An enjoyably dark song that finds the Chainsmokers fully embracing their aspirations to be an alternative rock band with bitchin’ EDM drops, this is the sort of song that “Sick Boy” (the first single of 2018) seemed to promise for this album cycle. The problem is in the particulars. One problem: the limp and empty-headed “fuck the haters” verses don’t quite live up to the bitter condemnations of the chorus; the sarcastic use of the word “awesome” reeks of mid-2000’s internet humor, and references to “the papers” are weirdly anachronistic in a band that’s always embraced modern technology in their songwriting. Another problem: for all the improvement he’s shown since “Closer”, Taggart still doesn’t quite have the voice to sell this sort of venom, and it’s not necessarily his range that’s teh problem. His diction is all over the place here, to the point where many amateur music critics were confused about whether or not the second iteration of the chorus changed the word “dead” to “there,” altering the meaning and, some would argue, improving the song drastically.
7. Beach House
Speaking of Taggart’s voice — and being as I am also a person with a serviceable-at-best voice that nevertheless loves to sing, this is a topic I have a lot of thoughts on — his biggest problem has always been that he’s working in the wrong genre. Taggart voice isn’t the best fit for the type of shiny and polished radio-friendly pop that his band produces — which is why he sounds so much more at home among the jagged, unpolished chaos of “Save Yourself” — but if you heard someone like him singing in a confessional, literary indie-rock band, something like Okkervil River or even Neutral Milk Hotel, it wouldn’t be out of place at all. It would scan as authentic; it might actually make you like him more. I don’t expect Andrew Taggart to usurp John Darnielle’s place in the indie rock canon any time soon, but “Beach House” seems like a good example of what we can expect when Taggart inevitably grows tired with being “one of the #SELFIE guys” and releases a solo record: lots of electronic flourishes, but with a hook built around lightly strummed guitars and nakedly romantic lyrics. He’s still got room to grow as a writer — he’ll need to drop any references to red pills, for one — but “Beach House,” even though its a sonic rehash of “Youth” from Memories…Do Not Open, suggests what path that growth might follow. Also, you can tell from the way he sings on this and a bunch of other Sick Boy songs that he just learned how to belt and it’s really endearing.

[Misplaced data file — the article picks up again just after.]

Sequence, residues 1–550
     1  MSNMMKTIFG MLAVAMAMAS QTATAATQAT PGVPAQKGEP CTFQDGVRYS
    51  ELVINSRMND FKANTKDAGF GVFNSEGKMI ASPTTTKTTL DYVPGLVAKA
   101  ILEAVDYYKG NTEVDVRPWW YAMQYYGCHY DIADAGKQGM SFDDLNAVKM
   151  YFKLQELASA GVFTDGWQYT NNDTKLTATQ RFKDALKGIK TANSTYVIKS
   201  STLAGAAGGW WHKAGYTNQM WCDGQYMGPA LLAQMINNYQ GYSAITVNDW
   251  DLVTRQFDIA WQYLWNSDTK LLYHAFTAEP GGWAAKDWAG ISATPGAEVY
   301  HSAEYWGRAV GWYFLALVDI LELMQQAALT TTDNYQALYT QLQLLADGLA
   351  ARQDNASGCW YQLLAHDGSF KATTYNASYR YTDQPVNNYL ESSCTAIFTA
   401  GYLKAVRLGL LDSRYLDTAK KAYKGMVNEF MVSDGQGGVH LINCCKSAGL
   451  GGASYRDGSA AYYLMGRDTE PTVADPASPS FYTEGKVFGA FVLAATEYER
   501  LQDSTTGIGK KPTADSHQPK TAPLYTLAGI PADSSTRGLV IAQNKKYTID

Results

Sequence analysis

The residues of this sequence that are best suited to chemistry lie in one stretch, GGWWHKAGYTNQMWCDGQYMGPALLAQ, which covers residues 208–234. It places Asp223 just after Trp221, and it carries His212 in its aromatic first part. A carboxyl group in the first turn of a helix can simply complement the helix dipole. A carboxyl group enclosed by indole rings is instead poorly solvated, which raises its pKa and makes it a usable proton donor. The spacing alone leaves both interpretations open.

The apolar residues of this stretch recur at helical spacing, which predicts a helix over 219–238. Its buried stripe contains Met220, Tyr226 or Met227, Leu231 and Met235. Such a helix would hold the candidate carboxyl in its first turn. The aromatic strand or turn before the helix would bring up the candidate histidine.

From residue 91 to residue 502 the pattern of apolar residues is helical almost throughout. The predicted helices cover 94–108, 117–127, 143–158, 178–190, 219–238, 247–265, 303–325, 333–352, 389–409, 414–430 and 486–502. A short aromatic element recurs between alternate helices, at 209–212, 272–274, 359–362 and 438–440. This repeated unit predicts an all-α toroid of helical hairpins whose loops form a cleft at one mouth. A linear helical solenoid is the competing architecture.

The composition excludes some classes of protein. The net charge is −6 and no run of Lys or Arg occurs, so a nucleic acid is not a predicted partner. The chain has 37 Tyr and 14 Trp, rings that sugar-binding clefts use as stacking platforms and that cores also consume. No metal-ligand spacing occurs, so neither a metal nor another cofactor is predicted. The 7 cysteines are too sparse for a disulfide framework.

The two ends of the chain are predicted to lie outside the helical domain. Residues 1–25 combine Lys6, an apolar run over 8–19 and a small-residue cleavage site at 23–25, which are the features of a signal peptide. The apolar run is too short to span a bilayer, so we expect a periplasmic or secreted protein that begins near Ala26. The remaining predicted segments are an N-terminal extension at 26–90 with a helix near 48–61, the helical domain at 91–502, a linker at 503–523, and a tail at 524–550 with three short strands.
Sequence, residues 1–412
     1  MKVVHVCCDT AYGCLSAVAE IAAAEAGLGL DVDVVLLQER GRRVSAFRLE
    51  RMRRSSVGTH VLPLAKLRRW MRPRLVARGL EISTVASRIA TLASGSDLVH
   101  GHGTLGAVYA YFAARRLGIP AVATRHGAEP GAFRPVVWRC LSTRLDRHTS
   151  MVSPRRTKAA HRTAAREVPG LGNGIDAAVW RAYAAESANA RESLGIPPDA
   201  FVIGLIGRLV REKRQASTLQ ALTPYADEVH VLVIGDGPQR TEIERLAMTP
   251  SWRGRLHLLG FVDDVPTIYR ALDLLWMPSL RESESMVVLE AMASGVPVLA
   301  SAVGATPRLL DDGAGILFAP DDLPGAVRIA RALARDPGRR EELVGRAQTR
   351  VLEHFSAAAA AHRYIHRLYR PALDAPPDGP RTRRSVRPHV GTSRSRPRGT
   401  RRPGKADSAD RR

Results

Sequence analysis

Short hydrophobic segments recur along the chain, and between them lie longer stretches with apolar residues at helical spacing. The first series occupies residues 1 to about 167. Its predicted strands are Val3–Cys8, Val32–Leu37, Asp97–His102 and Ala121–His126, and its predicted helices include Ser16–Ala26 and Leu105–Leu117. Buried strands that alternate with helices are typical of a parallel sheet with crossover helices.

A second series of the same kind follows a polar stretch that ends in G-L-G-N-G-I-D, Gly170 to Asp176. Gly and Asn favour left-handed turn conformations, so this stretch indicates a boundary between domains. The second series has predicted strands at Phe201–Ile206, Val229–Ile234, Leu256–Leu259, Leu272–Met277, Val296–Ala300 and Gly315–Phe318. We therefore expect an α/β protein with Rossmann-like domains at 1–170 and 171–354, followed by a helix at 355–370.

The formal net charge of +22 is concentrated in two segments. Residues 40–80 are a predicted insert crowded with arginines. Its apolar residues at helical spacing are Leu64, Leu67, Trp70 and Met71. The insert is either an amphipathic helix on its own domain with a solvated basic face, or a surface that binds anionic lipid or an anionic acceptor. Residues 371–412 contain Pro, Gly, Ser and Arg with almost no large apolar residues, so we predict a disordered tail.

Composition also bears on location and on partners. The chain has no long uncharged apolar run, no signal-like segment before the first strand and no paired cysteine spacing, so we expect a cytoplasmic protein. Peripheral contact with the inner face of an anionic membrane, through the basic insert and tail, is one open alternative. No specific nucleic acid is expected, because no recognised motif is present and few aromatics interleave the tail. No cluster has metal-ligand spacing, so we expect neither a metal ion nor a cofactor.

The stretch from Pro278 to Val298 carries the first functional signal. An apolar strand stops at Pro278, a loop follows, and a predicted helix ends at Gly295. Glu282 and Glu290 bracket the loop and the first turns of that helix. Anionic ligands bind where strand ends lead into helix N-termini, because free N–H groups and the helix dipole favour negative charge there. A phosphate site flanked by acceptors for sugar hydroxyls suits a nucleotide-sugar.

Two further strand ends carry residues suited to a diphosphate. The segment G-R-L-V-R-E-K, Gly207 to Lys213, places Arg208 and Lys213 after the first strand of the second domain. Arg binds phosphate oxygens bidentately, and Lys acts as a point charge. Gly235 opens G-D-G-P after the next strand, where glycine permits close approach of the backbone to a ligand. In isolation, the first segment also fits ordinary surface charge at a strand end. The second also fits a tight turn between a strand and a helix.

6. Hope (feat. Winona Oak)
For a while, the Chainsmokers were the sort of producer act whose songs were defined entirely by their guest vocalist. Most of the time, this was a good thing: “Let You Go,” “Roses”, and even “Waterbed” are competently-made tracks undeniably elevated by the person singing over them. Yes, sometimes this strategy resulted in with the heavily-processed cheese of “Good Intentions” or the utter blandness of “New York City,” a song I have unsuccessfully tried to force myself to like on multiple occasions, but for the most part, you can see why folks like Diplo or David Guetta or Benny Blanco leave the singing the professionals. But there is another path, a path walked by a man who was born under the name Adam Richard Wiles but who deemed himself ‘Calvin Harris’ because he deemed it “a bit more racially ambiguous” (yikes) — the path of the producer who (sometimes) sings on their own songs. The Chainsmokers chose to walk this path and, for the most part, they’ve never looked back. While I personally have no problem with Taggart’s voice – the unpolished quality of his vocals is the thing that fueled my initial obsession with Memories…Do Not Open – and while only the least generous among us would deny that he has improved in the past two years, it’s hard to ignore that “Hope” would be a lot better without him.